NTLDR is Missing

If you’ve encountered any of the following error messages while the computer is booting:

NTLDR is Missing
Press any key to restart

Boot: Couldn’t find NTLDR
Please insert another disk

NTLDR is missing
Press Ctrl Alt Del to Restart

This post will explain what happened and what to do in order to fix it.

Computer is booting from a non-bootable source

ntldr is missing bios

This error is often caused by the computer booting from a non-bootable floppy disk or CD-ROM. So the first thing you should do is check whether there’s a floppy disk or CD in the computer, and remove it if there is.

Also note that this error can occur when a memory card is in a card reader and the computer is trying to boot from it. If you have a card reader or a flash reader make sure that there’s no memory stick inside the computer, and also disconnect all USB drives, cameras, iPods, smartphones etc.

If you are trying to install Windows XP or Windows 2000 and you’re getting this error message while the computer is booting, check BIOS to see if it has the right boot settings. For instance, if you’re attempting to run the install from the CD-ROM, make sure the CD-ROM is the first boot drive, and not the hard drive.

Also, when the computer is booting you should see the following message:

Press any key to boot from CD

The moment you see this prompt, it’s very important to hit any key (Enter, Space etc.), otherwise, the system will try booting from the hard drive and you’ll get the NTLDR error once more.

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If you’re not getting the above message and your BIOS boot settings are set up correctly, the problem might be that your CD-ROM drive isn’t booting from the CD-ROM properly. You should check to see if the jumpers are set properly on the CD-ROM drive.

Computer hard drive is not correctly set up in CMOS


Check to see if your computer hard drive is set up correctly in the CMOS setup, since the wrong settings can result in you receiving this error message.

Corrupt NTLDR or NTDETECT.COM file

For Windows 2000 users:

If you’re running Windows 2000 and you get the NTLDR error, you should first create the boot.ini file described below on an external storage device like a floppy disk.

[boot loader]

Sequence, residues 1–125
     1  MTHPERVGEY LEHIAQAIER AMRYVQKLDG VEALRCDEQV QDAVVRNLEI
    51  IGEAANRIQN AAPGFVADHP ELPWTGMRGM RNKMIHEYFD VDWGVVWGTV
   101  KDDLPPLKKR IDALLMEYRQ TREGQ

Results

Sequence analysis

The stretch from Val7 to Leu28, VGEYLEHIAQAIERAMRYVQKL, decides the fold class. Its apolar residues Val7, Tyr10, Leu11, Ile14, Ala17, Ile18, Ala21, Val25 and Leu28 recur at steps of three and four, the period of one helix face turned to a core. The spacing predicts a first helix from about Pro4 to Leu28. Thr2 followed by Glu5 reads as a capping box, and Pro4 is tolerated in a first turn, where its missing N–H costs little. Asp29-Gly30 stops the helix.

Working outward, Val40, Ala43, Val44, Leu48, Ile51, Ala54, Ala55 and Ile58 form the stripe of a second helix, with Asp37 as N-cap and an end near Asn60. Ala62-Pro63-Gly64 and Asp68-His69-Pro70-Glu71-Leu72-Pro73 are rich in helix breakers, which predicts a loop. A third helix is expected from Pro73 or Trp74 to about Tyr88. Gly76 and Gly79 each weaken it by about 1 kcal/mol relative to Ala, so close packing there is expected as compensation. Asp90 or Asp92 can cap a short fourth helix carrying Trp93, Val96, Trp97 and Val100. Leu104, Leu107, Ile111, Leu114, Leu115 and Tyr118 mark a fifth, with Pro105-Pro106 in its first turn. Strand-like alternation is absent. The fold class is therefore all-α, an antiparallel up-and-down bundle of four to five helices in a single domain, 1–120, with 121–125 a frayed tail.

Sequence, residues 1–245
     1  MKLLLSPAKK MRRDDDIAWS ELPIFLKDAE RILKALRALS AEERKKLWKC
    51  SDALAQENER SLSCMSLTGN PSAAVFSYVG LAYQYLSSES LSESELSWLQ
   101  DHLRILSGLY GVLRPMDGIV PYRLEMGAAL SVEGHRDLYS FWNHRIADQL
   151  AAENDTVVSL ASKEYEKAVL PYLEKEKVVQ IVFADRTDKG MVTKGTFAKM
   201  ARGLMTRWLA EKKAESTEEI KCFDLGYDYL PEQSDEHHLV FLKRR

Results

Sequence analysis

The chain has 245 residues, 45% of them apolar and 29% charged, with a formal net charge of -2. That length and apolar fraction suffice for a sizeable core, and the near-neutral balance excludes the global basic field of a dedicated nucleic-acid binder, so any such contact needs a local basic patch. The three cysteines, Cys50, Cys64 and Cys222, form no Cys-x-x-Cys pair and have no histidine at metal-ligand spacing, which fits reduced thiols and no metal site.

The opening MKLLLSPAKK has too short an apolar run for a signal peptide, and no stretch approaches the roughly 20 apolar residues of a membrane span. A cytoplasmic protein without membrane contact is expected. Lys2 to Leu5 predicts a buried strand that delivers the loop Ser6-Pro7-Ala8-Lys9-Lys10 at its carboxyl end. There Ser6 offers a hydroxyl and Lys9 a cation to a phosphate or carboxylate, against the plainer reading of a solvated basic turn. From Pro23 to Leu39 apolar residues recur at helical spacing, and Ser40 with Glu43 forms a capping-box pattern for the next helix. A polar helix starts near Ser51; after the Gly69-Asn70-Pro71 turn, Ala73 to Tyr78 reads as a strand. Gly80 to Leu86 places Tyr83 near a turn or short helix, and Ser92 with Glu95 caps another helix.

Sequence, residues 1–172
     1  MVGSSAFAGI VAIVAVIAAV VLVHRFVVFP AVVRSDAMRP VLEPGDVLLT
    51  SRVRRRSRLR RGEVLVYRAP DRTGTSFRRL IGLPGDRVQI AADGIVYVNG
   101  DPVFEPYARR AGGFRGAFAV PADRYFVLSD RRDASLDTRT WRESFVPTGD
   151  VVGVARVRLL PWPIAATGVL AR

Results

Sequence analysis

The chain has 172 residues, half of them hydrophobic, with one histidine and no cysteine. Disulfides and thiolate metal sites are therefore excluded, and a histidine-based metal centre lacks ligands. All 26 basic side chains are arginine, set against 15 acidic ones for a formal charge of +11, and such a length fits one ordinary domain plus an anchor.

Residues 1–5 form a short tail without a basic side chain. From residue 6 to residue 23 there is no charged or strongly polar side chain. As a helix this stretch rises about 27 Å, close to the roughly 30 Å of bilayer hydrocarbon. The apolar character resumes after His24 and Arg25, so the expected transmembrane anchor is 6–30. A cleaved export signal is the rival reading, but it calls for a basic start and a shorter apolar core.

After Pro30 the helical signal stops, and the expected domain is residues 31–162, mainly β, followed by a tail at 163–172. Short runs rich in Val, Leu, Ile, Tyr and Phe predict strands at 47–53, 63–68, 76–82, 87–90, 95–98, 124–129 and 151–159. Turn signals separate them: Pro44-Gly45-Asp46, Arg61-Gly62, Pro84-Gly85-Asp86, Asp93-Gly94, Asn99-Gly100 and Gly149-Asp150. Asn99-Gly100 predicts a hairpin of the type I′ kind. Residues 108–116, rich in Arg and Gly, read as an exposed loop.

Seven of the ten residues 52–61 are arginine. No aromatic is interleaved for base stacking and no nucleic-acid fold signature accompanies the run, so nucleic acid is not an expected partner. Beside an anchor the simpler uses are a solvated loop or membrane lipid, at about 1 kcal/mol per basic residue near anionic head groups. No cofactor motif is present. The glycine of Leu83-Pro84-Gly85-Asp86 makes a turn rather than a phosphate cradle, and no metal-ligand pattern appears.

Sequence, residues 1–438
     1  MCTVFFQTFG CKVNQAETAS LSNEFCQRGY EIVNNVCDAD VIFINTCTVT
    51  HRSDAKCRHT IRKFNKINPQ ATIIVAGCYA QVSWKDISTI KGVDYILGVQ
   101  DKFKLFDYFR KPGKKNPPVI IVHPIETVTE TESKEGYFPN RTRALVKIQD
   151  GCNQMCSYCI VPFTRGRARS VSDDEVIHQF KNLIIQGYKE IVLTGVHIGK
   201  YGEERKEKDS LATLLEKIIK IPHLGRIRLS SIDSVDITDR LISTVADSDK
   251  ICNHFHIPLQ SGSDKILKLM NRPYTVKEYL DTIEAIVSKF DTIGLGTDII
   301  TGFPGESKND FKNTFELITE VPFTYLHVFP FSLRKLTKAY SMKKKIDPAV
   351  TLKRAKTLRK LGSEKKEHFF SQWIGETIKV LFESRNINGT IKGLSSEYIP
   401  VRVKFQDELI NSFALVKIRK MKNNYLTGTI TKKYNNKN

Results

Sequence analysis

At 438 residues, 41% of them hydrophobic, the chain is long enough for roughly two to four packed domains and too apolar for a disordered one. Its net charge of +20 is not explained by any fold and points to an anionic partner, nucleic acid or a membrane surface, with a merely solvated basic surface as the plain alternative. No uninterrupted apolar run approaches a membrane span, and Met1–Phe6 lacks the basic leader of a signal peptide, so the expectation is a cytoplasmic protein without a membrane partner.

[operating systems]
multi(0)disk(0)rdisk(0)partition(1)\WINNT=”Microsoft Windows 2000 Professional” /fastdetect

Now copy the NTLDR and NTDETECT.COM files from another computer running the same operating system. You’ll find both files in the root directory of the primary hard drive (usually C:).

After you’ve copied these files to the disk, reboot the computer and copy the NTLDR and NTDETECT.COM files to the root directory of the primary hard drive. After the files have been copied, simply remove the disk and reboot the computer.

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For Windows XP users:

Insert the Windows XP bootable CD into the computer. When asked to press any key to boot from the CD, press any key.


When in the Windows XP setup menu, repair Windows by pressing the “R” key.

Next log into your Windows installation by holding the “1” key and pressing Enter. At this point you will be asked for your administrator password, which you should enter.

Misconfiguration with the boot.ini file

Edit the boot.ini file you can find on the root directory of the hard drive, checking whether it is pointing to the right location of your Windows operating system and that the partitions are properly defined.

Attempting to upgrade from a Windows 95, 98, or ME computer that is using FAT32

Here’s what you should try to do if you’re getting the error message while trying to upgrade to Windows 2000 or Windows XP from Windows 95, 98, or ME while running FAT 32:

First of all, boot the computer with a Windows 95, 98, or ME bootable diskette. At the A:\> prompt type the following: “sys c:”, then press Enter. After doing this, you will get the ‘System Transferred” message. Afterwards, remove the floppy diskette and reboot the computer.

New hard drive is being added

If you are adding a new hard drive to you system make sure it is a blank drive. Adding another drive to a computer which already has Windows installed could be the cause of the NTLDR error occurring.

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If you don’t know for certain whether the new drive is blank or not, you can try booting from a bootable diskette and format the new hard drive.

Hard disk problem: Corrupt boot sector or master boot record

Another possibility is that your computer’s hard disk has a corrupt boot sector or master boot record. The way to repair these is by running the fixboot and fixmbr commands through the Mcirosoft Windows Recovery console.

Seriously corrupted version of Windows 2000 or Windows XP

If you’ve tried everything else and nothing seems to have worked, the problem could be that the operating system is seriously corrupted and needs to be reinstalled.

Loose or faulty IDE/EIDE hard drive cable

Finally, this issue has also been known to be caused by a loose or faulty IDE/EIDE cable. So this is the last thing you should check if all the above recommendations have failed to fix the issue and your computer hard drive is using an IDE or EIDE interface.

Check to see if the hard drive cable is properly in place by disconnecting and reconnecting it. If that doesn’t work either, it might be due to a faulty cable, so you should also try replacing it altogether.